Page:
Ebony Mag Wishes Cop Killer Shakur ‘Happy Birthday’ Hours Before Baton Rouge Shooting

Assata Shakur

Ebony magazine tweeted birthday greetings to cop killer Assata Shakur, the 69-year-old member of the radical Black Liberation Army, convicted of killing New Jersey State Trooper Werner Foerster May 2, 1973, who was backing up Trooper James Harper, during what was a traffic stop.

“Happy Birthday, Ida B. Wells and Assata Shakur. The world still feels your impact,” read the whole tweet. Wells was a Reconstruction-era anti-lynching crusader.

After @feminstajones replied to the tweet: “That Ida B. Wells and Assata Shakur have the same birthday was not lost on me. #loudblackgirls”

Ebony replied: “Powerful day!” with a clenched black fist.

Less than 12 hours after the tweet, which was still live upon publication, a masked gunman shot six Baton Rouge police officers, killing three.

Shakur, born JoAnne Deborah Byron, and her two accomplices jumped the troopers, struggled with them and managed to pry away Foerster’s weapon, leading to an exchange that left the three-year veteran of the force dead and Harper severely wounded.

Shakur was convicted in 1977, but in 1979, she escaped her Clinton, N.J., prison and after being on the lam, was welcomed into Cuba in 1984. Before joining the BLA, Shakur was a member of the Black Panthers.

Ebony magazine, a publication with an overwhelmingly African-American readership,  was founded in 1945 and one month ago, it was sold by estate of founder John H. Johnson to Clear View Group, an Austin, Texas-based private-equity firm that also owns Jet magazine.

Ebony senior editor Jamilah Lemieux told CNN July 13 in an interview about the five Dallas police officers killed by a sniper that she was uncomfortable describing the murder of white police officers as a hate crime.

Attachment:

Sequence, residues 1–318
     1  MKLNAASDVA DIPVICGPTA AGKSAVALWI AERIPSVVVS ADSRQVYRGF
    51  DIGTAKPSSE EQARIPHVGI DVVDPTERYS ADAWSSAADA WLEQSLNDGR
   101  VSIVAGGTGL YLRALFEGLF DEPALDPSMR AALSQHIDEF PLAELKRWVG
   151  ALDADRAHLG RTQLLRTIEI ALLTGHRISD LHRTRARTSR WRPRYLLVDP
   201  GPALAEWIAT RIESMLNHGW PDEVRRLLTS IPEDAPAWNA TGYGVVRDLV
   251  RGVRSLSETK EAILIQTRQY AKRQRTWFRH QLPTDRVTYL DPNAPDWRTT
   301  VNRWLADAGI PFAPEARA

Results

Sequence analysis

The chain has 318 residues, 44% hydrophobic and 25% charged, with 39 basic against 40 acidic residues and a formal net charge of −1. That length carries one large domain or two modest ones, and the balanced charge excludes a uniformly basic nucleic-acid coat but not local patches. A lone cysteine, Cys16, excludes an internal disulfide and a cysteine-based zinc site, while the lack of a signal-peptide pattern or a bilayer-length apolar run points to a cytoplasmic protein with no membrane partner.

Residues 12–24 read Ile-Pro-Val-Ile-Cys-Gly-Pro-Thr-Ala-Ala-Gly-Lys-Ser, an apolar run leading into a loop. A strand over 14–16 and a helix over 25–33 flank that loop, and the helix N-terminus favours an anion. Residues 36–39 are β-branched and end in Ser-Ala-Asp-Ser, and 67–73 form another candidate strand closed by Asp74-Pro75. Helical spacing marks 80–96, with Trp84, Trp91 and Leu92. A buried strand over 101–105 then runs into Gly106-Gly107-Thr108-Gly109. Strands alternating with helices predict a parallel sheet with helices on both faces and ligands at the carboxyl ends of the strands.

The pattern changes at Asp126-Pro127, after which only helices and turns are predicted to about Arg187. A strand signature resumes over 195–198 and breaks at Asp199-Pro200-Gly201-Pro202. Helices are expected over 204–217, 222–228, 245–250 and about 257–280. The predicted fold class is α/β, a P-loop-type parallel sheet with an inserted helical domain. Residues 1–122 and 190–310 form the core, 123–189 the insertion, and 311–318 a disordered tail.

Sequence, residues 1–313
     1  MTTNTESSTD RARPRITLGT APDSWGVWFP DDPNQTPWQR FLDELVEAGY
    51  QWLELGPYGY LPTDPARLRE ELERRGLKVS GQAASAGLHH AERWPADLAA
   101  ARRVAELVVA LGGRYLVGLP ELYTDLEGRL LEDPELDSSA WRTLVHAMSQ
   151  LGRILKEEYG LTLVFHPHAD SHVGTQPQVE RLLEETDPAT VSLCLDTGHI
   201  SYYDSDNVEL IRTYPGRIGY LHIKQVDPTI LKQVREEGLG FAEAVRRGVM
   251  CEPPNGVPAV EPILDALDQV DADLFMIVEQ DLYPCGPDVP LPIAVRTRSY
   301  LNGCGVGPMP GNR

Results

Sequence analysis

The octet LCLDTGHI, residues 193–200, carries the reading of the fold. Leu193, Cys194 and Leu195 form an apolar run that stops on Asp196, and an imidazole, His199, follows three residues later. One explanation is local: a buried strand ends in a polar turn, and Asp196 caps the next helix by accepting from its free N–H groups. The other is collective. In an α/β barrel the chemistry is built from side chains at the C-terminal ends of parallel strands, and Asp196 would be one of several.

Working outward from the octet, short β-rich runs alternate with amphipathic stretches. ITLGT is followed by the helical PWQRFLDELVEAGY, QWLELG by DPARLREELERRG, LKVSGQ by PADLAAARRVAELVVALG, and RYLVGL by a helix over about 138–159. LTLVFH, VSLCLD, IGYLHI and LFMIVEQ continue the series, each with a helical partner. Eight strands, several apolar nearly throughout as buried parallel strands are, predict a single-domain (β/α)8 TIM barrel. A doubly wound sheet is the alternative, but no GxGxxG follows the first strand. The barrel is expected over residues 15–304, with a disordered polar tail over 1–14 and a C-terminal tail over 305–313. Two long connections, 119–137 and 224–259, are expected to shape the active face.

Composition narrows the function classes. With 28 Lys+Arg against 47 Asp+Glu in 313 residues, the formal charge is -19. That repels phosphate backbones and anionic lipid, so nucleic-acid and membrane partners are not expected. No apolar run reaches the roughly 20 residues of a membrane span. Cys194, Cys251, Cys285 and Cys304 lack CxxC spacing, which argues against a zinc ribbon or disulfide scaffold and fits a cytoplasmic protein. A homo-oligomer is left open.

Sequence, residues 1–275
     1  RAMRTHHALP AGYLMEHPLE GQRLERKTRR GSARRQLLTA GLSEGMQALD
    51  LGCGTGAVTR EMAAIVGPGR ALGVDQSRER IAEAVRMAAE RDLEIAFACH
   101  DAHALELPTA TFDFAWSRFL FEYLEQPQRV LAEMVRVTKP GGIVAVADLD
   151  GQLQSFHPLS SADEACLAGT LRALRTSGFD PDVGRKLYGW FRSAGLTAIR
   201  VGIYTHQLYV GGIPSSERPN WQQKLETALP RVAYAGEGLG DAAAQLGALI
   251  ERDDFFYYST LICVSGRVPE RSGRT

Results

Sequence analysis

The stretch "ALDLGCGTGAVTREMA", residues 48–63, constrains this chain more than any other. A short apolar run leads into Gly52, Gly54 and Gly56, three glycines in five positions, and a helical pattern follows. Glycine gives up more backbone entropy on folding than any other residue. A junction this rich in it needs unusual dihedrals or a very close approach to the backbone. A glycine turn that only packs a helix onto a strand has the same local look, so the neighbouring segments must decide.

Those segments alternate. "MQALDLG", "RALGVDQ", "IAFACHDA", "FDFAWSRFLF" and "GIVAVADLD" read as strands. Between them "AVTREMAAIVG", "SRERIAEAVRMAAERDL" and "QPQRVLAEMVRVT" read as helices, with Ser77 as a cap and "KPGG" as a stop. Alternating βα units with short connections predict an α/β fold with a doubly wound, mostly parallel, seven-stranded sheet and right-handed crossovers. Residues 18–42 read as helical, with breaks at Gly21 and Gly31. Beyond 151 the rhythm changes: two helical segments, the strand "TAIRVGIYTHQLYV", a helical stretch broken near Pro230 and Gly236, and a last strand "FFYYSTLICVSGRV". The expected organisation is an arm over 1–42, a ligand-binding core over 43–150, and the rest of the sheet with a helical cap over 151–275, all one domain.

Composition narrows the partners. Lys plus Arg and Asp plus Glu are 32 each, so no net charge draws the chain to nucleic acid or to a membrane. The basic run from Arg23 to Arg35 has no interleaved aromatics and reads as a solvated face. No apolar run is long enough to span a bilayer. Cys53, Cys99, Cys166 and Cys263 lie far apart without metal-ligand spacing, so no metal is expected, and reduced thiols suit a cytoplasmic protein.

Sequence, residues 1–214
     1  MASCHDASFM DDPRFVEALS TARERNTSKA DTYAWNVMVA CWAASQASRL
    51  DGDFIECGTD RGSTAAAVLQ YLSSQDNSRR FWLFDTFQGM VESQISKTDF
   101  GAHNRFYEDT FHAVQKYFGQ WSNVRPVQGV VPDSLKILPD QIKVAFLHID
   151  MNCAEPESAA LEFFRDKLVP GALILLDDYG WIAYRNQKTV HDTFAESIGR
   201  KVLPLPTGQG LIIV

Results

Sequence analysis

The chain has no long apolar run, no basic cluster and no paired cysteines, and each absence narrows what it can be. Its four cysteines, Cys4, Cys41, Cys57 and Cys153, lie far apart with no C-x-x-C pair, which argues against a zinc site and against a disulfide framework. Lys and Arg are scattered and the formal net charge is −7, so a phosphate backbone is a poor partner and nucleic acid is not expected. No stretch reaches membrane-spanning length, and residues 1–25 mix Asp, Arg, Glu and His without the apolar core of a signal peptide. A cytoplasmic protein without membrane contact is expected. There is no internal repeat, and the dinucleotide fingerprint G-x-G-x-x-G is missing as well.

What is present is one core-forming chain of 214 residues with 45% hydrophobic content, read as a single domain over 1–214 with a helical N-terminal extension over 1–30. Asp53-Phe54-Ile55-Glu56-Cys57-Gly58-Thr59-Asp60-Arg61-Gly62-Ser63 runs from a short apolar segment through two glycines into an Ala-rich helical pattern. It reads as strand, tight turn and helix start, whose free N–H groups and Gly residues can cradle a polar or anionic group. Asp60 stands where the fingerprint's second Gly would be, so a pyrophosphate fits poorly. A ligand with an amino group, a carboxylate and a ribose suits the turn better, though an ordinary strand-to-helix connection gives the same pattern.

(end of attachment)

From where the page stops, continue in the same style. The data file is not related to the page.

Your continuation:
Upon the 40th anniversary of the deadly New Jersey shootout, the FBI placed Shakur on the Most Wanted Terrorist List  and raised the reward for her capture to $1 million, an amount matched by the New Jersey State Police, using the name: JoAnne Deborah Chesimard.

“Chesimard is a domestic terrorist who murdered a law enforcement officer execution-style,” said Aaron Ford, special agent in charge of the FBI’s Newark Division. “Today, on the anniversary of Trooper Werner Foerster’s death, we want the public to know that we will not rest until this fugitive is brought to justice.”

Mike Rinaldi, a lieutenant in the New Jersey State Police and member of the Joint Terrorism Task Force  in Newark, said that day in 2013: “This case is just as important today as it was when it happened 40 years ago. Bringing Joanne Chesimard back here to face justice is still a top priority.”

Rinaldi said Chesimard’s 1979 escape from prison was well planned. “Armed domestic terrorists gained entry into the facility, neutralized the guards, broke her free, and turned her over to a nearby getaway team.”

Although Chesimard has been granted asylum in Cuba, he said “This is an active investigation and will continue as such until Chesimard is apprehended.”

When President Barack Obama renewed diplomatic relations with Cuba, the White House said the administration was discussing with the Cuba government all of the 70 fugitives from American justice living there. But, a more realistic appraisal of Obama’s feelings for Shakur can be gleaned from when in 2013, the White House used this quote from Shakur in a blog post about Americans with Disabilities: “It is our duty to fight, it is our duty to win. We must love each other and protect each other. We have nothing to lose but our chains.”


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